DALLAS, TX - OCTOBER 06: James Neal #18 of the Vegas Golden Knights talks with reporters in the locker room after scoring the first two goals in team history to beat the Dallas Stars 2-1 at American Airlines Center on October 6, 2017 in Dallas, Texas.
(Photo by Tom Pennington/Getty Images)

The growing threat of coronavirus could change the way sports reporters and athletes interact in a negative way.

The coronavirus is having a huge impact on the world as we know it. The NHL’s announcement that clubhouses will be closed to the media, making all team interview access a press conference setting, could have a huge impact on the way our teams are covered. I am hearing the NBA and MLB will soon follow as well.

The newspaper industry as we know it is in deep economic trouble and if reporters covering teams can only get access in a conference room setting, why send them to games? They can cover teams from their living rooms and get the exact same access they would at a game. And it would decrease the travel budget websites and newspapers need to spend.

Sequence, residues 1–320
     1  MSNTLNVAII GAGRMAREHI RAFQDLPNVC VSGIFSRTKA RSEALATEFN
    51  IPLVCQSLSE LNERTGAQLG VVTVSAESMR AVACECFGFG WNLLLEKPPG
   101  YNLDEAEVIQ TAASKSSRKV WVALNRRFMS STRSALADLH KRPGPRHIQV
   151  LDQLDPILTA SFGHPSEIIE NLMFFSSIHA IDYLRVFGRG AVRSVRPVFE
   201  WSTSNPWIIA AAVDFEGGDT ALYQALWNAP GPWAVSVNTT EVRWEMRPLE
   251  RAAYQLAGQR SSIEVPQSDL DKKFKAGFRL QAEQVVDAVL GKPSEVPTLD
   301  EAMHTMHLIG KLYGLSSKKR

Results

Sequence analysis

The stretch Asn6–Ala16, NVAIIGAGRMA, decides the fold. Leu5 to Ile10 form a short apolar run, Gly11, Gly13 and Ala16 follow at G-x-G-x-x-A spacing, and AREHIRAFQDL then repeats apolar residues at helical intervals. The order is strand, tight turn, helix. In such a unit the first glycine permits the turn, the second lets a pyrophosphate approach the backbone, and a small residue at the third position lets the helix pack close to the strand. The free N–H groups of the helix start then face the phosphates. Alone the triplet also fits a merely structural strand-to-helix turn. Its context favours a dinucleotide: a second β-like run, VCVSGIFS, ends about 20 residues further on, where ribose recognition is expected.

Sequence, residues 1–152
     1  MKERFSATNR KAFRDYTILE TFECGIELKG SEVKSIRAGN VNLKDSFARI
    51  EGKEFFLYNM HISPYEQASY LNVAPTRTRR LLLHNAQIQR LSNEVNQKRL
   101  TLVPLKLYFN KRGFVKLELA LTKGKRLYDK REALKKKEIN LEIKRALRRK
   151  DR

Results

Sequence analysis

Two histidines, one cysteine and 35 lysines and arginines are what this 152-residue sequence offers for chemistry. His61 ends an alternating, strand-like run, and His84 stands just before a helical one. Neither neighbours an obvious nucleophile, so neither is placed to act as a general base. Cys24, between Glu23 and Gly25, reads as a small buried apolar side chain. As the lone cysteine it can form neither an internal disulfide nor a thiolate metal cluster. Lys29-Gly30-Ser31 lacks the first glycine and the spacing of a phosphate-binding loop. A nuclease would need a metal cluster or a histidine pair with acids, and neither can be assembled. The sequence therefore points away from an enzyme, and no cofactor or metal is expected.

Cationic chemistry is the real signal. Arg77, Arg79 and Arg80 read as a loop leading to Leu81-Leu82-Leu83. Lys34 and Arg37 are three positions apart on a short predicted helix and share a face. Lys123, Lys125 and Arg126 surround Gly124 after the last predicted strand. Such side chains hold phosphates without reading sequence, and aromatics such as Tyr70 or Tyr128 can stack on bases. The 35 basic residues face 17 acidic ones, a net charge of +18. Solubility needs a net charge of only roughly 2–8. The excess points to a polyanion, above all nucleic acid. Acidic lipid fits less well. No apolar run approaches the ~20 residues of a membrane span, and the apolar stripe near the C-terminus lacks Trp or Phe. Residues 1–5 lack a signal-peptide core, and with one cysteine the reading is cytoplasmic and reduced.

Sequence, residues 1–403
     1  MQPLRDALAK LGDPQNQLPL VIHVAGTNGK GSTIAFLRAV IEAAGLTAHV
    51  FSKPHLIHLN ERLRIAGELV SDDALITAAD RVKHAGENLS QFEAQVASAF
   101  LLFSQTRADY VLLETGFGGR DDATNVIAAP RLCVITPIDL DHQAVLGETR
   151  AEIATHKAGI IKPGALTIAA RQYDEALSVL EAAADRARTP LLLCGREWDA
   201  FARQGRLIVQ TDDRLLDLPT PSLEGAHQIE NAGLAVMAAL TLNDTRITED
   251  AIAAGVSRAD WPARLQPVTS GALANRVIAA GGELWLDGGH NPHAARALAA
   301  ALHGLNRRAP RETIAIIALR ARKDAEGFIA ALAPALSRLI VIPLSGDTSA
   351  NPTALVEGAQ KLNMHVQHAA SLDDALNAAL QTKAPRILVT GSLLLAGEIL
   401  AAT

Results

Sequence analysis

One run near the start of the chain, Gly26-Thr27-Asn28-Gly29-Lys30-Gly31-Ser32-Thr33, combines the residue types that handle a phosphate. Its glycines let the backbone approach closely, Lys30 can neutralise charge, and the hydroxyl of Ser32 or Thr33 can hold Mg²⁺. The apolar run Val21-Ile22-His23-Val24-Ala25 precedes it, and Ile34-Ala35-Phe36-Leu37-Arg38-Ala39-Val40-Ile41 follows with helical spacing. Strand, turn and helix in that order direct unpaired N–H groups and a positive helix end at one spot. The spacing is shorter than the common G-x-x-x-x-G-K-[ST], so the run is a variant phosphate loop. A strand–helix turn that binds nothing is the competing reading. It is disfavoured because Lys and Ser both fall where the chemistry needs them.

If reporters insist on traveling with the team, newspapers and other web portals might demand reporters be independent contractors and pay for their own travel which they can use to defray taxes by forming an individual LLC. The companies may actually like this setup, but the fans will suffer as every reporter will seem like we are sitting in an echo chamber.

I do believe the safety of all concerned should be the top priority but this could eliminate so many jobs in our industry which is troubling, to say the least. Maybe the short-term answer is every credentialed media member, as well as every player and team executive be mandated to take a coronavirus test.

But my fear is once the coronavirus situation passes, teams may be hesitant to return to total access. My opinion is this could happen and that’s why, as a reporter, I try to carve out access to players remotely by text or cell phones. I’ve always done that but coming into this season, I am doing it more and more because the landscape can change quickly.

For my role at ESPN, audio content is so important and lack of access can make that a challenging thing to accomplish. And I pride myself on getting exclusive content others do not get.

My biggest fear is that the beat reporter position may be eliminated by the senior management in the newspaper industry who have been looking for a way to diminish staffing for that position in the past few months anyway.

This bears watching in the next few weeks as it could change the sports reporting industry forever.